Traynor YCV40 Custom Valve 40 Reviews 5

I bought this amp at Long & McQuade in Langley, BC and paid $670 (CDN)for it. I was looking for a portable guitar amp with the emphasis on portability, as I already own a 2X2 combo + 2X12 cabinet. Its intended use was going to be small jam sessions or small venue gigs with a minimum of setup hassle. I tried all the usual suspects from Fender and Marshall (and I had tried offerings from Vox and Peavey in another store) when the sales person urged me to give the Traynor a try. It was at the very top end of acceptable weight, but despite its 40-45lbs carried fairly easily. I hooked up and played, and played, and played... When I was done, I insisted on trying a Fender Blues Junior because of the rave reviews it has gotten here and because it was slightly cheaper. Sorry, Fender. It took me 3 minutes to realize that compared to the Traynor, the Blues Junior sounded like it had a bad cold. Very constricted and stiff sounding at any volume level as if the speaker was sitting behind a wall. No offense to anyone who likes this particular model - as long as YOU like it for YOUR music nothing else really matters much.

While this amp is loaded with all right features, I would have bought it without any of them, just to get the sweet tone. The clean channel makes a Strat sound like a Strat, yet allows my Les Paul to shine as well, even when moving major air. The output stage/speaker break up pleasingly when pushed hard, yet you can still get great expression at more moderate volume levels. The overdrive channel yields some very useful lead and crunch tones. Extra gain (actually useable) can be dialed in with the included footswitch which also controls channel switching. This little amp sounds so much bigger than it is. 40W of all-tube power driving a 12" "red label" Celestion speaker results in a sweet, vintage quality that is usually only found in overpriced re-issue equipment. The long Accutronics spring reverb has excellent range without any nasty sound artifacts. I could list all the features here, but they are readily available at Noteworthy: - Auto-matching tube circuit maintains bias balance as tubes age ensuring hum free performance throughout tube life. - DC filaments on preamp tubes eliminate hum. - Fully regulated power supply with tube rectifier emulation. - Stand-by operation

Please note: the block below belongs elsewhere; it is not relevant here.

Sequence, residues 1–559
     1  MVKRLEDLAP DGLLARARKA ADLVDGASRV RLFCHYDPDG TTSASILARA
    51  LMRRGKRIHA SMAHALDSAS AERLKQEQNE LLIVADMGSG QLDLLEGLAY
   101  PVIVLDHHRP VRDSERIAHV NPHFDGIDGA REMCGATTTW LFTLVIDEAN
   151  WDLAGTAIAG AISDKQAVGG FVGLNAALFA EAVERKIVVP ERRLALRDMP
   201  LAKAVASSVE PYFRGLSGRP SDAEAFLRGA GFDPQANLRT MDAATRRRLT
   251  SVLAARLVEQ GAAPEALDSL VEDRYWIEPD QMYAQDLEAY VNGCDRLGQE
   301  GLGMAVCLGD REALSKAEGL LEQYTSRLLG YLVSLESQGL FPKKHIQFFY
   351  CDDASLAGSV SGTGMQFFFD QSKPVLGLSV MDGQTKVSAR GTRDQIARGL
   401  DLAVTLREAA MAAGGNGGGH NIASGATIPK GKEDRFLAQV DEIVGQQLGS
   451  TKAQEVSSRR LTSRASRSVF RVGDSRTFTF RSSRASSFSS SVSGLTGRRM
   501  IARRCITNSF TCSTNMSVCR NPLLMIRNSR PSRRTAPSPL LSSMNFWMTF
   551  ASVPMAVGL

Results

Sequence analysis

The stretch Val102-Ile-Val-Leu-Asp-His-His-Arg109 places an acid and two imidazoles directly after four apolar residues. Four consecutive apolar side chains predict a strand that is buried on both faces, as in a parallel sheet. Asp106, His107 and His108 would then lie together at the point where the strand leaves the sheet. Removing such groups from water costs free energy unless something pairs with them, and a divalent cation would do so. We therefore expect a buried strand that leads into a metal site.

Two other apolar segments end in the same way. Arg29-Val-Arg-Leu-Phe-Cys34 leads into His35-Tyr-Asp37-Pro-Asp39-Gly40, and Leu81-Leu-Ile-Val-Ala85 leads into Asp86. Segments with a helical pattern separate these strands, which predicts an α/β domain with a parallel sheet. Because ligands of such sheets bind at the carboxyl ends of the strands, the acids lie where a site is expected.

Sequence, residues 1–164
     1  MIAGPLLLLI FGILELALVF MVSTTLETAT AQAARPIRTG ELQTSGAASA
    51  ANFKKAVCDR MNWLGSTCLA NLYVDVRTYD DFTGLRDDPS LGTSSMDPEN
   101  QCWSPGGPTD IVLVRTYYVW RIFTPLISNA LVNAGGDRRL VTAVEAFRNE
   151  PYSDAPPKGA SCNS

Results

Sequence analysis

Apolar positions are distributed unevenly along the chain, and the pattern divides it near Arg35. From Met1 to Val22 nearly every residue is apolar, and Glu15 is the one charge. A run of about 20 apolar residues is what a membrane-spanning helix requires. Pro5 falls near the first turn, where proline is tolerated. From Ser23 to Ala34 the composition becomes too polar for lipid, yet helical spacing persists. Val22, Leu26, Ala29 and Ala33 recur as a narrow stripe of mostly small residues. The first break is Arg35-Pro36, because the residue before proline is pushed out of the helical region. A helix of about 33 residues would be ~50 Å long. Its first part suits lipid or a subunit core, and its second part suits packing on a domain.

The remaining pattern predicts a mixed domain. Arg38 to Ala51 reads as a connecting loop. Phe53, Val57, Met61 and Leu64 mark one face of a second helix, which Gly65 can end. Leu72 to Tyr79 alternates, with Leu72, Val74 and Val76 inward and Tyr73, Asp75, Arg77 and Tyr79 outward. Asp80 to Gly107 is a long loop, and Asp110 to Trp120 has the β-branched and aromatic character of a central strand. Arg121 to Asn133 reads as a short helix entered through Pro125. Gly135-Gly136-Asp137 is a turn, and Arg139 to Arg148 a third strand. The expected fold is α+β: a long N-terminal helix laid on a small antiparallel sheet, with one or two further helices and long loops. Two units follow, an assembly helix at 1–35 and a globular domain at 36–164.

Only one thing really: the location of the extension speaker jack. It is hidden from view underneath the amp chassis which makes it somewhat tricky to locate.

Traditional plywood case with plastic covering is solidly constructed. Amp chassis and PCB are well designed and built. The "chicken beak" control knobbies are recessed for protection, but easily manipulated. And yes, the scale/label silkscreening is black on silver and facing towards you, unlike some weird upside-down white on silver control panels I've seen (Fender, Vox, what's up with that?). The front screen is a perforated steel grille with a silver cloth protecting the vulnerable speaker cone. The corners are protected by retro-funky, yet very effective nickel-plated steel corner braces that are nicely rounded. My skin likes that.

Ever since I got this amp, all I wanted to do is plug in one of my guitars and play, instead of endlessly fiddling with knobs and switches (some of them in very expensive packages)in order to chase down just the right sound. I cannot ask for more.

Peter Iden rated this unit 5 on 2002-11-19.

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